|Cited Patent||Filing date||Publication date||Applicant||Title|
|US4942564 *||Oct 31, 1988||Jul 17, 1990||Hewlett-Packard Company||Servo system gain compensation method for magneto-optic disk drives|
|US4958335 *||Dec 19, 1988||Sep 18, 1990||Oki Electric Industry Co., Ltd.||Optical head assembly with a minimum of inertia and feasible for high high-speed access|
|US4977552 *||Aug 15, 1988||Dec 11, 1990||Ricoh Company, Ltd.||Split type optical pick-up device with a tracking error detector on the moving part|
|US5038333 *||May 5, 1989||Aug 6, 1991||International Business Machines Corporation||Positioning systems including reliable track crossing detection for high speed relative motions|
|US5140572 *||Feb 16, 1990||Aug 18, 1992||Ricoh Company, Ltd.||Optical pickup device having fixed and movable optical systems|
|EP0088662A1 *||Feb 22, 1983||Sep 14, 1983||Thomson-Csf||Optical unit associated with an optical head for reading/writing an optical disc|
|EP0341820A2 *||Apr 5, 1989||Nov 15, 1989||Digital Equipment Corporation||A low mass optical head system|
|EP0406054A1 *||Jun 15, 1990||Jan 2, 1991||Art Tech Gigadisc Atg||Access and tracking apparatus for optical disc|
|JPH0276135A *||Title not available|
|JPH02216625A *||Title not available|
|JPH02294942A *||Title not available|
|JPS61194647A *||Title not available|
|1||*||Attached list of copending U.S. applications of the inventors (1 page).|
|Citing Patent||Filing date||Publication date||Applicant||Title|
|US5475667 *||Oct 28, 1994||Dec 12, 1995||Pioneer Electronic Corporation||Method for inspecting an optical disc|
|US5535189 *||Feb 24, 1995||Jul 9, 1996||Alon; Amir||Optical information system with a broad non-coherent irradiating beam coupled with optical fiber from a laser source|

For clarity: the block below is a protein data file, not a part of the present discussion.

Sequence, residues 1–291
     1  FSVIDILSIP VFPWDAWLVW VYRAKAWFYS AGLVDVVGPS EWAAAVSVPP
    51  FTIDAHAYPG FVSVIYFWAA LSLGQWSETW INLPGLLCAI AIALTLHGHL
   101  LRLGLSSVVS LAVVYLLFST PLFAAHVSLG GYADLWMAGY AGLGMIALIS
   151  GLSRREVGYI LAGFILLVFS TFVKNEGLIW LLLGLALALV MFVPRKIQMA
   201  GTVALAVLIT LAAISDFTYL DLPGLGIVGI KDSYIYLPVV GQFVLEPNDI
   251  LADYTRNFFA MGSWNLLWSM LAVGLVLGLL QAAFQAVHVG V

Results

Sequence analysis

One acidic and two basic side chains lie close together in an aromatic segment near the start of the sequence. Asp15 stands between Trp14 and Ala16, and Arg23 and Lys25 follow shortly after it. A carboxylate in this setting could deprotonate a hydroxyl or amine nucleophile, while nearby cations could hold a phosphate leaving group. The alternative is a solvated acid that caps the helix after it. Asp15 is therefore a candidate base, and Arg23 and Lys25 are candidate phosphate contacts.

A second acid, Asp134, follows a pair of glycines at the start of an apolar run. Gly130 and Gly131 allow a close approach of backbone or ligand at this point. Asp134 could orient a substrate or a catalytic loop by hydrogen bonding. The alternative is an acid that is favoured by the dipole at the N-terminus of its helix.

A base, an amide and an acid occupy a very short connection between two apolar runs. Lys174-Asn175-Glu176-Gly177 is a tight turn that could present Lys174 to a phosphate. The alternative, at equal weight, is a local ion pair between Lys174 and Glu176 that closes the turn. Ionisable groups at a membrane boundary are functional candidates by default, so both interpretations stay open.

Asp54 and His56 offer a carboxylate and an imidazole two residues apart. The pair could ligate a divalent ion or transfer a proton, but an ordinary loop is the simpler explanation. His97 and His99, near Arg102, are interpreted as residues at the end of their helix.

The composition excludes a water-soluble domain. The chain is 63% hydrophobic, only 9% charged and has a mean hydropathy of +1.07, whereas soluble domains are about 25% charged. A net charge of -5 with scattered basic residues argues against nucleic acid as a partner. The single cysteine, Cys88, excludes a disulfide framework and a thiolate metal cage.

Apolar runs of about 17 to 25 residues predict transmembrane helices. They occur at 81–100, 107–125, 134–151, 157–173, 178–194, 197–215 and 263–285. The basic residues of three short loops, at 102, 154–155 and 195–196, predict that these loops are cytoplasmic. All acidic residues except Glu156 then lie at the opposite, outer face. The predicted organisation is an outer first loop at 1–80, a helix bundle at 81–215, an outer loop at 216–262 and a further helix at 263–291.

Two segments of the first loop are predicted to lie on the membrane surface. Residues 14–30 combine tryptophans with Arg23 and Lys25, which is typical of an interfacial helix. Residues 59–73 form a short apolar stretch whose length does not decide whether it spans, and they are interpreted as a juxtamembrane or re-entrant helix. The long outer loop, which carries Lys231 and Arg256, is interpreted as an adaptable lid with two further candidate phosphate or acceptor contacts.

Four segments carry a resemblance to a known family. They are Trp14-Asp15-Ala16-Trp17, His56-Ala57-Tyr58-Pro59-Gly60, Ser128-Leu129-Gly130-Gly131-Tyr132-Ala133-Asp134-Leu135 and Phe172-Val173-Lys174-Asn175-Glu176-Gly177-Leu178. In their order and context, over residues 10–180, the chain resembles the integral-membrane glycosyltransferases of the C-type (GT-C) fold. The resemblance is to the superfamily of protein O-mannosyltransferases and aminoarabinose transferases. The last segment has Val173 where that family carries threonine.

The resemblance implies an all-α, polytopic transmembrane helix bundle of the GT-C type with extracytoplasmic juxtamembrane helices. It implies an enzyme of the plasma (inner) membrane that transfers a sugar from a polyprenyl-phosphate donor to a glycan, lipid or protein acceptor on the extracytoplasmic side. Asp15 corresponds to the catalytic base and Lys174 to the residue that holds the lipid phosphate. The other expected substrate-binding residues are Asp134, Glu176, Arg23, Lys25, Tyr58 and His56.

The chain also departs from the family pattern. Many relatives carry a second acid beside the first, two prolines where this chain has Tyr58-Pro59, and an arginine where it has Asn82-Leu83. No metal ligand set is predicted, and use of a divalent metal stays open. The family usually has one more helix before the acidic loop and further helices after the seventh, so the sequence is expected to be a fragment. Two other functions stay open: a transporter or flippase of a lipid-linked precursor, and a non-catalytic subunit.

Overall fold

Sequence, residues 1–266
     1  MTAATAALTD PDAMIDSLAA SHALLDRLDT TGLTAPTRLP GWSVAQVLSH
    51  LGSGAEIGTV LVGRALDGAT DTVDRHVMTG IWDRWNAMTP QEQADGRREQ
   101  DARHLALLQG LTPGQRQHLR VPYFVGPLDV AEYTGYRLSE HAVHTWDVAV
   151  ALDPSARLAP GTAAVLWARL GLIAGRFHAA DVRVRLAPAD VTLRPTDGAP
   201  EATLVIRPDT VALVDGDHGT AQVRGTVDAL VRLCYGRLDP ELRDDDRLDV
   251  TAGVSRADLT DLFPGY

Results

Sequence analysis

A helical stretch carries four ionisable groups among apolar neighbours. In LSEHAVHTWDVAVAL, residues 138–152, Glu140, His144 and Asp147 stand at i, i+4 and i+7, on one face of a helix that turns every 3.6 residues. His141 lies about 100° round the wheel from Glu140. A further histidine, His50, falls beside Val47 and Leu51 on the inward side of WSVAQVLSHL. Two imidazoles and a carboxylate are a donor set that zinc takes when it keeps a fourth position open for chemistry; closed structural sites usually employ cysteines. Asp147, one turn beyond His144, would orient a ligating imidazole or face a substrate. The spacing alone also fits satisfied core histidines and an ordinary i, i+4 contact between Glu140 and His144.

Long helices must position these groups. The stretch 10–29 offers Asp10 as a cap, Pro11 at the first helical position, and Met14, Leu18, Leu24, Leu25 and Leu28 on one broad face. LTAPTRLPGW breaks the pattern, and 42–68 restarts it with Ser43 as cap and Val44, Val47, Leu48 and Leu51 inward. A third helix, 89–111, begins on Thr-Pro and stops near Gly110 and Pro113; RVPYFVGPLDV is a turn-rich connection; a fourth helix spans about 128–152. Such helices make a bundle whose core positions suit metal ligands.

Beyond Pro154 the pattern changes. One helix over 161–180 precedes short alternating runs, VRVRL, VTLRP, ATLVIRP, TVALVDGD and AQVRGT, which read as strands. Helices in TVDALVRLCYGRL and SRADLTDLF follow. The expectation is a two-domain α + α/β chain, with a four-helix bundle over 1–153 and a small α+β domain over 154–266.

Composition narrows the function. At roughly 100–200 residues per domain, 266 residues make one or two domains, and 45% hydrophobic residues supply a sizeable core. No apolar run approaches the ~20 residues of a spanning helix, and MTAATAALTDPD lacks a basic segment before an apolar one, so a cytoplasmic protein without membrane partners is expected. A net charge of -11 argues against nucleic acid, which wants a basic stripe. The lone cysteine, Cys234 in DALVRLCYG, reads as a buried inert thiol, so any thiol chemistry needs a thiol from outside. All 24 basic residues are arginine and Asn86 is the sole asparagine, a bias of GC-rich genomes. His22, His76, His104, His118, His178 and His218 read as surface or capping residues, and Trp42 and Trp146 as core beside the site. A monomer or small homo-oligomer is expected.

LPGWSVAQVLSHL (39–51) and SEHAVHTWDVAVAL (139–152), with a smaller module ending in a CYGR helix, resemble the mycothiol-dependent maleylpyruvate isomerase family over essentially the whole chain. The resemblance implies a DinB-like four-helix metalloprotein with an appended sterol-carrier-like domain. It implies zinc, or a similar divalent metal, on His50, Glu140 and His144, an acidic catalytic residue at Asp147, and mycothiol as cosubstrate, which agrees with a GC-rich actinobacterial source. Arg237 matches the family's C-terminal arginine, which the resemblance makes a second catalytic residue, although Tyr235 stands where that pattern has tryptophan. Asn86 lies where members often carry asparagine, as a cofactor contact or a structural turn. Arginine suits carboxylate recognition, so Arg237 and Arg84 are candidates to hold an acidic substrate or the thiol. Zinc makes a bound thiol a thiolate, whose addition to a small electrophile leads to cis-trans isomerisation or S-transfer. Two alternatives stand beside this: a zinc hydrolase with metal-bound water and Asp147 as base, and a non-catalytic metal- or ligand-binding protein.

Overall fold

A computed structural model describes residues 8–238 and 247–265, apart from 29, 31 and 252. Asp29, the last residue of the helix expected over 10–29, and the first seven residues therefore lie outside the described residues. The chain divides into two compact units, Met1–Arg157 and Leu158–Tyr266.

|US5537385 *||Feb 24, 1995||Jul 16, 1996||Alon; Amir||Reading multiple tracks data with a microscope scanner and a two mirror light beam focus unit|
|US5566159 *||Sep 30, 1994||Oct 15, 1996||Zen Research N.V.||Optical disk reader|
|US5574712 *||Feb 24, 1995||Nov 12, 1996||Zen Research N.V.||Detector matrix for acquiring track data from multiple tracks|
|US5592444 *||Jun 6, 1994||Jan 7, 1997||Zen Research N.V.||Method of writing data simultaneously on a plurality of tracks of an optical disk, and apparatus therefor|
|US5598393 *||Feb 24, 1995||Jan 28, 1997||Zen Research N.V.||Method and apparatus for reading data|
|US5897798 *||Jun 4, 1997||Apr 27, 1999||Hmt Technology Corporation||Laser texturing apparatus employing a rotating mirror|
|U.S. Classification||369/44.14, 369/44.17, G9B/7.097, G9B/7.066, 369/119, G9B/7.065|
|International Classification||G11B7/12, G11B7/09, G11B7/085, G11B7/095|
|Cooperative Classification||G11B7/0956, G11B7/0901, G11B7/12|
|European Classification||G11B7/095T, G11B7/12, G11B7/09A|
|Nov 17, 1992||AS||Assignment|
Owner name: ART TECH GIGADISC "ATG", FRANCE
Free format text: ASSIGNMENT OF ASSIGNORS INTEREST.;ASSIGNOR:BEC, DANIEL;REEL/FRAME:006316/0956
Effective date: 19921102
|Dec 22, 1998||REMI||Maintenance fee reminder mailed|
|Mar 15, 1999||SULP||Surcharge for late payment|
|Mar 15, 1999||FPAY||Fee payment|
Year of fee payment: 4
|May 30, 2003||LAPS||Lapse for failure to pay maintenance fees|
|Jul 29, 2003||FP||Expired due to failure to pay maintenance fee|
Effective date: 20030530